Leaders of the federal judiciary have had to backtrack after nearly three dozen law clerks and judge assistants affirmed in an informal survey that they had “witnessed wrongful conduct in the workplace.”
The Administrative Office of the U.S. Courts said officials removed the question from a training registration form, sent last week to thousands of judiciary staffers who work for federal judges, but not before 34 of about 40 employees — nearly everyone who responded — indicated that they had observed some form of inappropriate behavior.
“This was an unfortunate administrative error. No more — no less,” David Sellers, a spokesman for the office, said in an email, adding that the question was too broad to elicit any meaningful information and that the number of responses was too small to reveal a trend. Some, Sellers said, referred to situations before employment with the federal court system.
The judiciary wants employees to “feel comfortable reporting any instances of wrongful conduct,” he said. “But a registration form was not the proper place to ask that type of question.”
Concerns about how the judiciary handles allegations of sexual harassment, discrimination and other misconduct in courthouses have for the past several years been part of Chief Justice John G. Roberts Jr.’s annual report on the federal judiciary. In his 2021 year-end report, Roberts acknowledged ongoing scrutiny from Congress but said the independent judicial branch is best positioned to resolve workplace complaints.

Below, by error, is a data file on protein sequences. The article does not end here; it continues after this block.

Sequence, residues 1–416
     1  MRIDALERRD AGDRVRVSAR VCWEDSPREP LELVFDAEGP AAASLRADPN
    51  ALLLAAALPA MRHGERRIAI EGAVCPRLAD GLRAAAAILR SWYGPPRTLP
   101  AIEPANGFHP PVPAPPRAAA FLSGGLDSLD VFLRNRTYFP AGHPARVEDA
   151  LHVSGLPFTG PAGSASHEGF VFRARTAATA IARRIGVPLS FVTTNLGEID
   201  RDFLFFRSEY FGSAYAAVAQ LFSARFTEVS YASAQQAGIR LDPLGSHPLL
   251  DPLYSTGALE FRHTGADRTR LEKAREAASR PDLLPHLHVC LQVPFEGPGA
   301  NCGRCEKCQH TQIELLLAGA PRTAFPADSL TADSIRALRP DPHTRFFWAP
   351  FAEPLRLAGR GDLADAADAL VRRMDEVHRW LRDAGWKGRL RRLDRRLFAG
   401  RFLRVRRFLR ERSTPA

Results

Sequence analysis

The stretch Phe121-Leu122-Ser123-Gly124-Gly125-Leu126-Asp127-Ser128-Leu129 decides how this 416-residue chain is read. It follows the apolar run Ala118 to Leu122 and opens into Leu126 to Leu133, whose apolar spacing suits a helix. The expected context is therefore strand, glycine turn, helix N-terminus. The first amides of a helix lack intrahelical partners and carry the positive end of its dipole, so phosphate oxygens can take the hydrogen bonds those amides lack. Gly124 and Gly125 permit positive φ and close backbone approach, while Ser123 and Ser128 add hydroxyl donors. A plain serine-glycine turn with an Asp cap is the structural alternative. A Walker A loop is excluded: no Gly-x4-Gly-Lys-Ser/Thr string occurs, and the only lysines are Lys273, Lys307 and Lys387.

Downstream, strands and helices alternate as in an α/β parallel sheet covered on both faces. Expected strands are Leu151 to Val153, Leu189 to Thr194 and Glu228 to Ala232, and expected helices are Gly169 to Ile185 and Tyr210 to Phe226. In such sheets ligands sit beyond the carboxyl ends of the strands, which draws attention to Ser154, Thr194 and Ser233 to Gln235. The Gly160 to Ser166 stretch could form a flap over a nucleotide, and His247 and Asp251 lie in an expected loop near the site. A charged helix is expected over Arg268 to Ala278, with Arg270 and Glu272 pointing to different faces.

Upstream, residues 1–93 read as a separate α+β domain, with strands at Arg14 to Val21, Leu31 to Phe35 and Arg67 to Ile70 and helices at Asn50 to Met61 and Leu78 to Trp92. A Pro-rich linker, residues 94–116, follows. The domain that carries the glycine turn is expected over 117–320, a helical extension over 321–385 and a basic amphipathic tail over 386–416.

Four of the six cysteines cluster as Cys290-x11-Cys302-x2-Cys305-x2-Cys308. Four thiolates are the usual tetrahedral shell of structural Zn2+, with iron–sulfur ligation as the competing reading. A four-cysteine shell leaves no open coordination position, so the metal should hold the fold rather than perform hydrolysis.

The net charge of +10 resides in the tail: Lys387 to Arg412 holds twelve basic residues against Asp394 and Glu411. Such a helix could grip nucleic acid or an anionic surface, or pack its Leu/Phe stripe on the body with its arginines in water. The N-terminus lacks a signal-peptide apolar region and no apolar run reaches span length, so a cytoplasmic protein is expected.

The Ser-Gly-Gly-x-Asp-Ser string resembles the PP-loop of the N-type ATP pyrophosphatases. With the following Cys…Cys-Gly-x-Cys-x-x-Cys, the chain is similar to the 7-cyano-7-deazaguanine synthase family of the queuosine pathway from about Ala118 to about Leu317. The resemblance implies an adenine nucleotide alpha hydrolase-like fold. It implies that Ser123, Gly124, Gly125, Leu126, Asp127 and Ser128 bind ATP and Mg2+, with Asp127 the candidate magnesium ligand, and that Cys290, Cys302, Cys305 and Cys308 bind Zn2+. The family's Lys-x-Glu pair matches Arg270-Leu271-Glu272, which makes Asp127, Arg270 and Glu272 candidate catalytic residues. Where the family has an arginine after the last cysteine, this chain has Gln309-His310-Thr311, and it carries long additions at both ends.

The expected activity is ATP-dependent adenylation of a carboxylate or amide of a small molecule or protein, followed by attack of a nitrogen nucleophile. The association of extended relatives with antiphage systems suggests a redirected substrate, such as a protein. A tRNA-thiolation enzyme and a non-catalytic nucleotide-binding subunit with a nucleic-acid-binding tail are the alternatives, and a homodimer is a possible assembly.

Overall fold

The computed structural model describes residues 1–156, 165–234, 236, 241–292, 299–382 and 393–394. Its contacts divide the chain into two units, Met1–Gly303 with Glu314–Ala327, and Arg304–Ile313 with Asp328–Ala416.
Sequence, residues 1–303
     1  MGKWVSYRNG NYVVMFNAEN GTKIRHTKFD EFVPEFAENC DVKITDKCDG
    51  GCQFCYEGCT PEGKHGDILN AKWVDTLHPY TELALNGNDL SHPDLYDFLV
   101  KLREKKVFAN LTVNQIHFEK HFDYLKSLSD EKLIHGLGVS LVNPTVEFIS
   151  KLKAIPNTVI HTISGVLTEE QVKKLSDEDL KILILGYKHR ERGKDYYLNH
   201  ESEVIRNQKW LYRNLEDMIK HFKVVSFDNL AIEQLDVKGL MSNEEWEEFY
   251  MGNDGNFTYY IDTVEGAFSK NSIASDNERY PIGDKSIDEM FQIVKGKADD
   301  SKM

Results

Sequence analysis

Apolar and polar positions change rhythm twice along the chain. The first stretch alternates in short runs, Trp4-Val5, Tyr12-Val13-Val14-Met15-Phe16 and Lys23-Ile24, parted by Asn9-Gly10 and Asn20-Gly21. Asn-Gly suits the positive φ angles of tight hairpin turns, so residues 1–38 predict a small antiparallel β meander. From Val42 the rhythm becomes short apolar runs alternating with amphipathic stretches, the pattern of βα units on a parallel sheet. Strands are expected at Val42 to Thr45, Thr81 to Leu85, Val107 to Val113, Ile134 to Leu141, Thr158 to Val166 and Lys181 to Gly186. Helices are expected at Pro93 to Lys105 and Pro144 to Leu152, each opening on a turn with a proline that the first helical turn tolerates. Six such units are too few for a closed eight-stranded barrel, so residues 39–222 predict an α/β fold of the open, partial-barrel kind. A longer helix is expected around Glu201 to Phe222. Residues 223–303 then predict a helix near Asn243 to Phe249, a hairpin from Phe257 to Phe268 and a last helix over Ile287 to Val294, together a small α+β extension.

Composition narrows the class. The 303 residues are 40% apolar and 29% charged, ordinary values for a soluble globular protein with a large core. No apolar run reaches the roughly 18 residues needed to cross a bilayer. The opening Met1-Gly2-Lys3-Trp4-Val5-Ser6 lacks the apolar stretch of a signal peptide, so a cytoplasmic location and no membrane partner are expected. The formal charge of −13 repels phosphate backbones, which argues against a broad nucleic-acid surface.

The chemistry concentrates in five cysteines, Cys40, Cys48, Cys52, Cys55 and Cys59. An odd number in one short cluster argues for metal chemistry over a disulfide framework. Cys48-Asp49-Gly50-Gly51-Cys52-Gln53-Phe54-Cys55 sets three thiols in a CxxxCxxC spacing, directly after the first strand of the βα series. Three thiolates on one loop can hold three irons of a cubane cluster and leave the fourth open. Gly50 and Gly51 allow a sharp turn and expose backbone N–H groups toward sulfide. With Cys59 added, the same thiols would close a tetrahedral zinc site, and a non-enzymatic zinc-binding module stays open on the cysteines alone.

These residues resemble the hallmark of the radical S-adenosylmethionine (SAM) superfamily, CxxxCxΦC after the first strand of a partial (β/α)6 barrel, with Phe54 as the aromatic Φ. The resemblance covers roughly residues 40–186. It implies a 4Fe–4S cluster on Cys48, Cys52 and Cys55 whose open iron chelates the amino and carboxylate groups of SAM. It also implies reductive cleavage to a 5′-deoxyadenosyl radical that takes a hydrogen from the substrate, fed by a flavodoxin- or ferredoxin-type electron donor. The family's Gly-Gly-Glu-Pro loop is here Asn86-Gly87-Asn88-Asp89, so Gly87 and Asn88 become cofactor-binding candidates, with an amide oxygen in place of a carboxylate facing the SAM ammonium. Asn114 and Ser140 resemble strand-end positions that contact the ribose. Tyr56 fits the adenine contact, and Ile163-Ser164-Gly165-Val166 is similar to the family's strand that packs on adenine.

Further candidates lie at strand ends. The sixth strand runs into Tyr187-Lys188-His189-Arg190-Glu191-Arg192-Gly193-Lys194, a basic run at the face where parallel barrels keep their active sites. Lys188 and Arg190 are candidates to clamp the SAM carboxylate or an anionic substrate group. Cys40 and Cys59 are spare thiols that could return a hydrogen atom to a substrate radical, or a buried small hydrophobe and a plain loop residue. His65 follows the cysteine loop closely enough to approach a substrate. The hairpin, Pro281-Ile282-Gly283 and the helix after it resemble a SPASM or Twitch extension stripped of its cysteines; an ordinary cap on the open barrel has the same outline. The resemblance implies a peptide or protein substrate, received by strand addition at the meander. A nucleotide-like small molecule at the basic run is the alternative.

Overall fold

The judiciary has put in place a robust reporting system, expanded the Office of Judicial Integrity and hired workplace relations directors in each of the federal circuits, Roberts said. He noted that a previous internal study “recognized the seriousness of several high-profile incidents, but found that inappropriate workplace conduct is not pervasive within the Judiciary.”
Monday, January 17, 2022
Federal Courts are closed today in honor of Martin Luther King Jr. Day.
If you are looking for something to read, check out this article from the Washington Post about workplace misconduct in the federal court system: